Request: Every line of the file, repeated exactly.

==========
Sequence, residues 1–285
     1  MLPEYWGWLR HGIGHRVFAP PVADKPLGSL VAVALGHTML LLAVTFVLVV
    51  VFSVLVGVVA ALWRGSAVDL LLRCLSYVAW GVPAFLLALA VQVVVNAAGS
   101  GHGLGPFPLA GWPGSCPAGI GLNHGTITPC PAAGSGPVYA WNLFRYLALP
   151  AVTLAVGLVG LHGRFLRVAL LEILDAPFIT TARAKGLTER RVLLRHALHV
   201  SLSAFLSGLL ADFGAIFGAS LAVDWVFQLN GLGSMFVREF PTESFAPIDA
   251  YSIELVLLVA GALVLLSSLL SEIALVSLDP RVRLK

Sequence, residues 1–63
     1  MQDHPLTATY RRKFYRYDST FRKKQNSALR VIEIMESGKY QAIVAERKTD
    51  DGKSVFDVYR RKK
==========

Sequence, residues 1–285
     1  MLPEYWGWLR HGIGHRVFAP PVADKPLGSL VAVALGHTML LLAVTFVLVV
    51  VFSVLVGVVA ALWRGSAVDL LLRCLSYVAW GVPAFLLALA VQVVVNAAGS
   101  GHGLGPFPLA GWPGSCPAGI GLNHGTITPC PAAGSGPVYA WNLFRYLALP
   151  AVTLAVGLVG LHGRFLRVAL LEILDAPFIT TARAKGLTER RVLLRHALHV
   201  SLSAFLSGLL ADFGAIFGAS LAVDWVFQLN GLGSMFVREF PTESFAPIDA
   251  YSIELVLLVA GALVLLSSLL SEIALVSLDP RVRLK

Sequence, residues 1–63
     1  MQDHPLTATY RRKFYRYDST FRKKQNSALR VIEIMESGKY QAIVAERKTD
    51  DGKSVFDVYR RKK